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Most Helpful Customer Reviews

44 of 47 people found the following review helpful By S. A. Felton on January 25, 2001
Format: Hardcover
I liked reading Professor Jacobs' collection of articles on UFO's and abductions (he of course provides the intro and authors one article himself). As a whole the book exmaines from different angles and points of view the very compelling issues of what is going on with these phenomena and how we can perhaps best approach studying it. Almost all of the chapters are authored by researchers who demonstrate a great deal of knowledge of and insight into the aspect of UFO-logy they discuss.
I would recommend this book only to open-minded readers who have a rather dispassionate interest in the topic. I say this because as one of the chapters I discuss below depicts so well, most people are more concerned with the myth of UFO's rather than the real evidence. I also want to say that the Kirkus review at the top of this page is only too typical of those who want evidence when such "evidence" would never satisfy their preconceived version of reality. Prof. Jacob's compilation to me presents more than enough proof that this issue is real and needs to be seriously addressed by mainstream disciplines.
I will discuss four of the best chapters in "UFO's And Abductions."
One chapter in what to me was a rather ironic argument style shows how among science, law, and military intelligence, science is the *least* qualified to investigate UFO's because the data does not fit into any scientific model, and scientists cannot operate w/o such. Because war and defense necessitate avoiding preconceptions and simply examining the facts dispassionately, military intelligence is best qualified in the author's opinion. In my opinion the author did not go far enough, as I find the evidence that the military got technology from the ET's and gave it to industry very believable (Col.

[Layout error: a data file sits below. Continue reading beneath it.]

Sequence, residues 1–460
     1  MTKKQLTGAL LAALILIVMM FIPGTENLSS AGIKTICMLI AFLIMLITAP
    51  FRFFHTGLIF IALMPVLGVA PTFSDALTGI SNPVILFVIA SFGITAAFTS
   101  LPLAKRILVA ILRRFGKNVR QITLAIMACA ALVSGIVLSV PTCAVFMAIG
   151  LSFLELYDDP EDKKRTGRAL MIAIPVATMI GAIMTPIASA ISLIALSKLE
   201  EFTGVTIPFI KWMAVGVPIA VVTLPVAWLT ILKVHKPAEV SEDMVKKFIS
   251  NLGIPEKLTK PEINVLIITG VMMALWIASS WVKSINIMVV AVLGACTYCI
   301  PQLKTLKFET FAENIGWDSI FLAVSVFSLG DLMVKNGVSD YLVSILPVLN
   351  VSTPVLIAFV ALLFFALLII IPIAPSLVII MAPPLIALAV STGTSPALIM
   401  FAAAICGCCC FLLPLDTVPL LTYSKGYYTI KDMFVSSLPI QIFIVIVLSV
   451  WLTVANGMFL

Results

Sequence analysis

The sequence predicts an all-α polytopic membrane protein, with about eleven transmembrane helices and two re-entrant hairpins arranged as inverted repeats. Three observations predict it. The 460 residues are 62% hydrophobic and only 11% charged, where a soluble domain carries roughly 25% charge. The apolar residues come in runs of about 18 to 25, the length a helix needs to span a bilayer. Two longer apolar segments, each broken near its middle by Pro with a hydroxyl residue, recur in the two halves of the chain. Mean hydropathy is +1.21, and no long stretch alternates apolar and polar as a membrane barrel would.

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20 of 22 people found the following review helpful By Kevin Seeger on September 1, 2004
Format: Hardcover
This book offers a compendium of theses which decently portrays the UFO and alien abduction phenomena.

1) UFOLOGY AND ACADEMIA: THE UFO PHENOMENON AS A SCHOLARLY DISCIPLINE argues for the inclusion of the UFO mystery into the mainstream academia, which should be studying such things, but instead chooses to distance itself from the phenomenon. The debate has been relegated to the tabloid fringe, and respectable science won't go near it. This will need to change if we are ever to get to the bottom of it all.

2) LIMITED ACCESS: SIX NATURAL SCIENTISTS AND THE UFO PHENOMENON is a good primer on six important early ufologists, who laid the groundwork of how to study the phenomenon while government maintained its official position of denial. Some of these men worked for the government as public debunkers, while privately realizing that there is definitely something going on which offers no easy explanations.

3) SCIENCE, LAW, AND WAR: ALTERNATIVE FRAMEWORKS FOR THE UFO EVIDENCE debates which segment of society is most adept at studying the UFO phenomenon. Ultimately, science cannot move forward without tangible proof, which has proven elusive. Science requires data, not eyewitness testimony. The military offers the preferred framework from which to attack the mystery. After all, the objects appear in our skies, seemingly oblivious to our need for an explanation for them. The military must determine if there is a direct or indirect threat to the people it has enlisted to protect, while cloistering itself from public scrutiny.